Neil Perry’s Favourite Tokyo Restaurants


I’ve been told there are 80,000 restaurants in Tokyo. I can’t vouch for the accuracy of that information but I can promise you one thing: it’s next to impossible to have a bad meal in the Japanese capital.

The level of quality produce and dedication to the craft of cooking seems inherent in the culture. Many of the places are small and hidden away. Do your best to search them out and never leave the hotel without a return business card so you can find your way “home”. My wife, Sam, and I were lucky enough to have 10 days in Tokyo and we chose to stay at two places while we were there – The Ritz-Carlton in midtown, near Roppongi, and Palace Hotel, near Ginza. Tokyo is such a big city; it’s great to base yourself in a couple of different areas. Cabs are fairly inexpensive and if you’re up for an adventure, the subway is fun, too. 

On the first day, we went to Tokyu Food Show, a gourmet food hall in Tokyu Toyoko Department Store next to Shibuya Station. This place is amazing – full of fresh produce and incredible stores. There’s all this awesome food being cooked in front of you. Don’t leave Tokyo without experiencing it. As for the restaurants I did get to (definitely not 80,000, although I gave it my best shot!), I had some meals that were out of this world. Here are my favourites…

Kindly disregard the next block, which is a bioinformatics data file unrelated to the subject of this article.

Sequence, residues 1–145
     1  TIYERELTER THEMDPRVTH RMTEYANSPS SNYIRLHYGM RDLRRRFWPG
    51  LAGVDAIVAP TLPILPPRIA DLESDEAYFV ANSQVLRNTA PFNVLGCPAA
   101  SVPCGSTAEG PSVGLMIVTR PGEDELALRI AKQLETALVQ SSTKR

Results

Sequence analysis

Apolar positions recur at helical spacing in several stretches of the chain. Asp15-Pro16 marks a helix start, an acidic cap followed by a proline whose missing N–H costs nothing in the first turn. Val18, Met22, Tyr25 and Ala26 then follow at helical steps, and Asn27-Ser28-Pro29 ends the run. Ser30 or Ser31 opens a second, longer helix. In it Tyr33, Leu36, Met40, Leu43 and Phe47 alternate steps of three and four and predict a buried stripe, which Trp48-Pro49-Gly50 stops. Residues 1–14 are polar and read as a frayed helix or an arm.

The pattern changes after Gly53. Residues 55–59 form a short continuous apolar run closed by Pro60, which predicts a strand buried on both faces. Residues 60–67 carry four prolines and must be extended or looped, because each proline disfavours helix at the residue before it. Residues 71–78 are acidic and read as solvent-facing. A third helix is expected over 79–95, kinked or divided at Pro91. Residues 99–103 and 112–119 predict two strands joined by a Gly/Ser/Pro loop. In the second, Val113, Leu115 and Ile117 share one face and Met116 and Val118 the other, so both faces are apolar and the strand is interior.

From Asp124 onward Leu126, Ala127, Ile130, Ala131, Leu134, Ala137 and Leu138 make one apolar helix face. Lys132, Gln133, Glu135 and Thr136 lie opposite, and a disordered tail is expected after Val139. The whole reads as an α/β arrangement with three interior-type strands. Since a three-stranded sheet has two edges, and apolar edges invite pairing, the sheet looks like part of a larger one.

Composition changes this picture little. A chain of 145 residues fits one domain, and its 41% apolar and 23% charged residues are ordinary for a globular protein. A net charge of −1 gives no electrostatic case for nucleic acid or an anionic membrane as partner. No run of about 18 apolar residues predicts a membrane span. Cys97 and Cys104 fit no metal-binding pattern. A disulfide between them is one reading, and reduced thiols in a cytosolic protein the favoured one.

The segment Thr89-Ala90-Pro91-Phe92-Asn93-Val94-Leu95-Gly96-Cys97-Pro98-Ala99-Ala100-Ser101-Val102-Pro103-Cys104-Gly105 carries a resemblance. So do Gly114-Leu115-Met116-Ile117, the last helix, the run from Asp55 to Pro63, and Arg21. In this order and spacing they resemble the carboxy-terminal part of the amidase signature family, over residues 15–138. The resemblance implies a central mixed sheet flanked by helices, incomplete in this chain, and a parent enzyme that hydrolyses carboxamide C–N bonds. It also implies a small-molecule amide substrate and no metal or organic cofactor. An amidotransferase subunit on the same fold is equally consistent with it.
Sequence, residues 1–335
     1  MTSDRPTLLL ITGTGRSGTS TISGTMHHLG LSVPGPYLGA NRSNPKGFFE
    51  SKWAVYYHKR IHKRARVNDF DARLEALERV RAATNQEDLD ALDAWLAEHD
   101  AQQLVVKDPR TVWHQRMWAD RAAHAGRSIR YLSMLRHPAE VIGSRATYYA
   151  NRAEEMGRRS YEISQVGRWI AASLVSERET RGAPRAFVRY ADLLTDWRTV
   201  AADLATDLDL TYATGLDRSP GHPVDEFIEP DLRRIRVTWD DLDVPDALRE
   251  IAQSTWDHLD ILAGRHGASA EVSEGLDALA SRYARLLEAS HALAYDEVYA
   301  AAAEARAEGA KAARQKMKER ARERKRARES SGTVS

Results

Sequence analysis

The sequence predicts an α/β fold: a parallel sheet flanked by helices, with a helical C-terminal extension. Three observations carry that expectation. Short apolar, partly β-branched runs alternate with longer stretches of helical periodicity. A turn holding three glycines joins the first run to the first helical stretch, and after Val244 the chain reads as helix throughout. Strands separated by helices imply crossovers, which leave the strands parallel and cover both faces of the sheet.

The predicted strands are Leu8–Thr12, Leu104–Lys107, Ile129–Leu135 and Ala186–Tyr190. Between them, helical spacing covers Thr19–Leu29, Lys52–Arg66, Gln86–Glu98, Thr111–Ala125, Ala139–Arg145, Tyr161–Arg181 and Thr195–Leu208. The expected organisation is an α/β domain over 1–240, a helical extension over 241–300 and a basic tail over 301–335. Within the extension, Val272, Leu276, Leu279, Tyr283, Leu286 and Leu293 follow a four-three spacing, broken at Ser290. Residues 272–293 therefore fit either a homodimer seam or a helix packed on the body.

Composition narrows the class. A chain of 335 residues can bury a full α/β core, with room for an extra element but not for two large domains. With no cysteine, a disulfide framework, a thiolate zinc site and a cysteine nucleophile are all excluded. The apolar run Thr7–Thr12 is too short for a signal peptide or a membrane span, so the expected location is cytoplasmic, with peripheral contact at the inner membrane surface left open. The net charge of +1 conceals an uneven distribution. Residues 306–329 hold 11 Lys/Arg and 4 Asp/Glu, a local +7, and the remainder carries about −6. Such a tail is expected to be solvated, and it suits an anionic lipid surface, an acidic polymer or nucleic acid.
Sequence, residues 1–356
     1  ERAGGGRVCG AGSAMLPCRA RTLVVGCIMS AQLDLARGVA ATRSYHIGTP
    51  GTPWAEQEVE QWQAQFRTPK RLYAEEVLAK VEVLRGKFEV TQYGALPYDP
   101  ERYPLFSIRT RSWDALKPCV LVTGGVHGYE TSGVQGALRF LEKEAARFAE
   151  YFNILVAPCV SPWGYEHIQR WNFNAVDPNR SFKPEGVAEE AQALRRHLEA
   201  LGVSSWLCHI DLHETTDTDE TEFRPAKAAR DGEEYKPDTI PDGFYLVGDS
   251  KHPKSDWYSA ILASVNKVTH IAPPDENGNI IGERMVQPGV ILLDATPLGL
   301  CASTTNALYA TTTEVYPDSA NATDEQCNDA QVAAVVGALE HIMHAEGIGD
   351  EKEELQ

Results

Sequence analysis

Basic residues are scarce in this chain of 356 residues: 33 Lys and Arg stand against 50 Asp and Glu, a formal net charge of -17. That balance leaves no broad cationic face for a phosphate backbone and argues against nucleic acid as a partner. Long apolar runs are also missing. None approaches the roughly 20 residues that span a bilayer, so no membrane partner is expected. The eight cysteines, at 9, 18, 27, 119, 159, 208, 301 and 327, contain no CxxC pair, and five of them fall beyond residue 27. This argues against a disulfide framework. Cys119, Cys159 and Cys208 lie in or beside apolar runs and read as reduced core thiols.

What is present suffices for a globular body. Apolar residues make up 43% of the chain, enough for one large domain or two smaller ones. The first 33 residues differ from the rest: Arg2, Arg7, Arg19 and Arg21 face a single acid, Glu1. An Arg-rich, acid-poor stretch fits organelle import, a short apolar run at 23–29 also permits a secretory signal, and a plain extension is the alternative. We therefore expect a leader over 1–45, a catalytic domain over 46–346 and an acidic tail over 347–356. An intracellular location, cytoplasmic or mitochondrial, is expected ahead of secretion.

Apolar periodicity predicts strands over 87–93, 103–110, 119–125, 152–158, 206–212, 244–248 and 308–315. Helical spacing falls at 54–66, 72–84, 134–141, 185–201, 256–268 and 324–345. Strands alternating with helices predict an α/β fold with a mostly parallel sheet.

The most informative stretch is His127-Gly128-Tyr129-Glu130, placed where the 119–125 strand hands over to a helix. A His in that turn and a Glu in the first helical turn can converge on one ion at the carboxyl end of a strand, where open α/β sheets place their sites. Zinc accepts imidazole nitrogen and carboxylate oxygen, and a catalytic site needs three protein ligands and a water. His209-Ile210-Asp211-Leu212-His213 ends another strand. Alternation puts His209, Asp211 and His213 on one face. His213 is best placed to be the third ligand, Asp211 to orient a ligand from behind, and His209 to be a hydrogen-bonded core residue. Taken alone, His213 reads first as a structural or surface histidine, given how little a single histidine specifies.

In June 2015, The World’s 50 Best Restaurants awards ranked Narisawa at number eight. It’s as beautiful as you might expect, with dark timber floors, timber blinds and tablecloth-sized napkins. The 10-course dégustation begins with the “Bread of the Forest 2010”, which sees bread dough brought to your table in a glass. After the dough rises in front of you, it’s put on a stone heated to 300ºC, enhanced by chestnuts and left to bake for 12 minutes. This is dinner as theatre but the flavours match the drama, from dried and smoked hand-caught sea snake to a most tender wagyu beef shabu-shabu. The wine list is equally impressive; we forego sake for a half-bottle of the 2010 Olivier Leflaive Puligny-Montrachet from the Côte de Beaune and a bottle of 2001 Chateau Lynsolence from Saint-Emilion in Bordeaux. You’ll need to book ahead online, on the first day of the month before your visit.